RUSH: There it is. It’s classic. That is purebred denial and ignorance. (imitating Foroohar) “I fundamentally don’t see any proof in the last 20 years that tax cuts have really created growth.” Really? “And I don’t think businesses, just ’cause they have more money, that’s not why they invest, you can’t count on that. Businesses suck anyway. And then, we’re gonna really find a way to pay for it and we’re gonna run up the deficit which is exactly what happened in the Reagan era.” No, no, no. The deficit came down in the Reagan era. It’s Obama who blew the deficit and national debt out of the water.
RUSH: One more audio sound bite from this babe from the Financial Times. She was on CNN around noontime today. Her name is Rana Foroohar. This is the sound bite where she says that the home mortgage deduction is really, really not good.
FAROOHAR: (laughing) Well, okay, first of all, yeah, great, if we could do it on a postcard, awesome, not holding my breath for that. I will say that, you know, when you talk to both individuals and businesses, they’ll say that the complexity, the sheer complexity of the U.S. tax code, even more than the rate, is really an issue for people. Deductions are a big issue too. I mean, I think it’s really important that we start closing some of these loopholes, particularly unproductive kinds of tax subsidized debt for both individuals and corporations. Everybody loves the mortgage interest deduction, but, frankly, it encourages all of us to buy McMansions. Not a great thing.
RUSH: Who the hell does she think is her audience? How many people watching CNN are out buying McMansions? Does this woman have no ability to relate? You know, she lives in this media bubble, and it does exist. But the problem is they live on the Upper West Side, if they’re in Manhattan, or they live down in the Village and they think everybody’s doing great, everybody’s doing fine. They don’t understand what life is like in the Rust Belt. They didn’t understand why Trump had support out there, and they’re stunned.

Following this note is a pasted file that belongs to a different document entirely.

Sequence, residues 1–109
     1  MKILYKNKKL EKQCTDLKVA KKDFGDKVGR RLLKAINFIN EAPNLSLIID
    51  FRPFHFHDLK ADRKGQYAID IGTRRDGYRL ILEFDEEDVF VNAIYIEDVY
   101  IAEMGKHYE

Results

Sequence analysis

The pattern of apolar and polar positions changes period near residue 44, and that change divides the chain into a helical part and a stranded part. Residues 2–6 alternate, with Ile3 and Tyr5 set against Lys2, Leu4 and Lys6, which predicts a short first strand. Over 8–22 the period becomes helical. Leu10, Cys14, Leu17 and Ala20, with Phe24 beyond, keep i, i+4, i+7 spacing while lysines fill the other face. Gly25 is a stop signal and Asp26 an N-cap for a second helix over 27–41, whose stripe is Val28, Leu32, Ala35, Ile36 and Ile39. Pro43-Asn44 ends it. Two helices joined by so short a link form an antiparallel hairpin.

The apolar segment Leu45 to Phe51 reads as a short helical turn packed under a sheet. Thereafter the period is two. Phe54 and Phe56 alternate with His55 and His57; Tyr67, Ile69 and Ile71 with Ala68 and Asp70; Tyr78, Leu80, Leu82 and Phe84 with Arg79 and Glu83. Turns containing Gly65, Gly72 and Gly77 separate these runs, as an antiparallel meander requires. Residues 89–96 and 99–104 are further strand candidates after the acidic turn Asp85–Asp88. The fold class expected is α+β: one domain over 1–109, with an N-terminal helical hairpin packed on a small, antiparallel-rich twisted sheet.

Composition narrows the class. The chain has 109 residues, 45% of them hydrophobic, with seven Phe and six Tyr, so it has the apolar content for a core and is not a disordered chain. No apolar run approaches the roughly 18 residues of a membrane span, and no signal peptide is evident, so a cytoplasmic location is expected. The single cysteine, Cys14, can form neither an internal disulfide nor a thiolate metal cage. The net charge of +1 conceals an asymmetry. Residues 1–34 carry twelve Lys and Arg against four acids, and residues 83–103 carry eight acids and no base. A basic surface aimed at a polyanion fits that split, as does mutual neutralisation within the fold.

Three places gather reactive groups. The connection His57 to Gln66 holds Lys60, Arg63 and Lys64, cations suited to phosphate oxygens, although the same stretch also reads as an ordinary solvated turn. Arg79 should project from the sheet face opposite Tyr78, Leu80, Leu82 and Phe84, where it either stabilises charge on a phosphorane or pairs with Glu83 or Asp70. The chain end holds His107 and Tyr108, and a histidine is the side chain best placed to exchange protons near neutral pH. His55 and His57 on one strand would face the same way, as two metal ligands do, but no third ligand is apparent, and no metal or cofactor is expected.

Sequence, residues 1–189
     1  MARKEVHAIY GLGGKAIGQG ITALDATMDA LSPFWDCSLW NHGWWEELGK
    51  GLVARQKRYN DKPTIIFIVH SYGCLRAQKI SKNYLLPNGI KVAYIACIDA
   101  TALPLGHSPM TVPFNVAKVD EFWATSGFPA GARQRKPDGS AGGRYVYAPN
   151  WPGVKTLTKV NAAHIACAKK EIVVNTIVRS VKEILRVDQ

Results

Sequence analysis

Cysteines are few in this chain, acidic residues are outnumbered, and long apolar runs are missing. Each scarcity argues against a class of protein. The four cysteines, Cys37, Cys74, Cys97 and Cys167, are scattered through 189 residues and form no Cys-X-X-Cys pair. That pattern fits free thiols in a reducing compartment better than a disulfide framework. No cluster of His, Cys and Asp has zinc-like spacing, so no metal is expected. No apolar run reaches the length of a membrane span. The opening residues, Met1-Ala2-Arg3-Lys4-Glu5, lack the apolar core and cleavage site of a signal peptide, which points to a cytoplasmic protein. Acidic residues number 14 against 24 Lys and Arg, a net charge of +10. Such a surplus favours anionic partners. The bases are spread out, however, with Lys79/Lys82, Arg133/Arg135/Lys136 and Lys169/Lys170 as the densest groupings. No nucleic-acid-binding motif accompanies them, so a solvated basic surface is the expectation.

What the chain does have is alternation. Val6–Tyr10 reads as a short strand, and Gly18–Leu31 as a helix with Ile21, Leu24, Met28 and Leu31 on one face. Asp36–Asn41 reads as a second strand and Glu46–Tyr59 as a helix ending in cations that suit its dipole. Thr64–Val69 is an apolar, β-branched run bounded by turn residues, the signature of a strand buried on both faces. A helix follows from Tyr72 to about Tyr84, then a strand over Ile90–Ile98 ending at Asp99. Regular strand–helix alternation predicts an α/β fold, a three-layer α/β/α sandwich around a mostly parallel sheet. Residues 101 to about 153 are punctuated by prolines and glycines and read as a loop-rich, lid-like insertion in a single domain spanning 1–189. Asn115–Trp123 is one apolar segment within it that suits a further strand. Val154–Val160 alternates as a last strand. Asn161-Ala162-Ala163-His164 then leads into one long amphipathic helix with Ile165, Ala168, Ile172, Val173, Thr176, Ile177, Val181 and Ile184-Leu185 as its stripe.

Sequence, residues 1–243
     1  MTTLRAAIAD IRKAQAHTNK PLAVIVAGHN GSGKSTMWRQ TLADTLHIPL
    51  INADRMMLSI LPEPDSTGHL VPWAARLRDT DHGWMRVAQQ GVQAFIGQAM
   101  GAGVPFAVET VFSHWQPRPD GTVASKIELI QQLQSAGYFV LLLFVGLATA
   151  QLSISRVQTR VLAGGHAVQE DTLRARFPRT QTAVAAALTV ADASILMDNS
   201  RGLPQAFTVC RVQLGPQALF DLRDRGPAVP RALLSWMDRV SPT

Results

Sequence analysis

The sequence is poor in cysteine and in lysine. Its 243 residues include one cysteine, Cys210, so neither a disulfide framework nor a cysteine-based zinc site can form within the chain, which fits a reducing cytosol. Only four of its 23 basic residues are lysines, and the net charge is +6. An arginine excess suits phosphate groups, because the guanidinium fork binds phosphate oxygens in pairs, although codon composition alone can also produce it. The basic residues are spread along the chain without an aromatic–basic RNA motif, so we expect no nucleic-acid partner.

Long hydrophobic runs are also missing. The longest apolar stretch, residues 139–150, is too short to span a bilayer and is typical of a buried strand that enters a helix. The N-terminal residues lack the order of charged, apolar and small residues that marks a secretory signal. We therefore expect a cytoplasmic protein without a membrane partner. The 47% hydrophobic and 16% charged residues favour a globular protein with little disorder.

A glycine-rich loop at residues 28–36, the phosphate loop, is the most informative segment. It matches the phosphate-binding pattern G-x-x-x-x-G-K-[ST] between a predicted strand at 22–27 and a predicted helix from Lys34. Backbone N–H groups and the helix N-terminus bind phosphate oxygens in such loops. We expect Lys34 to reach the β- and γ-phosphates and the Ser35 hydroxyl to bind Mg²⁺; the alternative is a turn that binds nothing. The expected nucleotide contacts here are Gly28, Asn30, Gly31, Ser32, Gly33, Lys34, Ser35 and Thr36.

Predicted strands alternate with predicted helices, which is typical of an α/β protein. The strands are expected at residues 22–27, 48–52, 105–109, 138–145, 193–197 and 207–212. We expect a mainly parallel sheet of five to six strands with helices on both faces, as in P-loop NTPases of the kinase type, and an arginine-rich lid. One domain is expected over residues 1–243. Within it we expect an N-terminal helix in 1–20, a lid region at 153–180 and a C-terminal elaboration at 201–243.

McMansions? That’s the problem with the home mortgage deduction, people are buying McMansions? What business is it of hers how big a house people choose to live in? I just saw the other day that Jay Z, the maestro rapper and his betrothed, the famous, lovely and gracious Beyonce. By the way, do they pronounce it Queen Bey or Queen Bee? Queen Bee. Queen — b-e-y. Okay, fine. Well, anyway, they just made a bid on — it’s not a McMansion. It’s a full-fledged mansion in Bel Air. I have seen this place when I go out and play the Bel Air Country Club golf course. You can see it up there on the hill. From the vantage point of the golf course, it looks like a — well, we make jokes about it, “Who’s putting in the Motel 8 up there?”
But at any the rate, this thing is $135 million listed. They have bid $120 million for it, 15 car garage, four different pools. It has a media room, a wine room, a room to be used as a studio for Jay Z and Queen Bey to do their recording. What else has it got? It’s got — well, not a helicopter pad, but 30,000 square feet, some guesthouses and stuff like that. They have bid $120 million for it. Do you think that Rana Foroohar of the Financial Times might have a problem with the purchase of the McMansion?
Do you think Jay Z will use the home mortgage deduction to finance it or just write a check? He won’t write a check. He’ll wire the money. People don’t write checks for $130 million. You don’t mess with the paper. You wire the funds. (interruption) I don’t know. I thought they had his and hers Gulf Streams. I’m not sure. Anyway, on the other hand, you know, Jay Z and Queen Bey might be of the belief that you use other people’s money. So they might go out and finance the home rather than deplete their own resources, maybe get a marginal loan for some of it, in which case — you know, but I’m sorry, I’m sorry, folks, I forgot, the rich don’t get to deduct the interest on their mortgage. I’m sorry.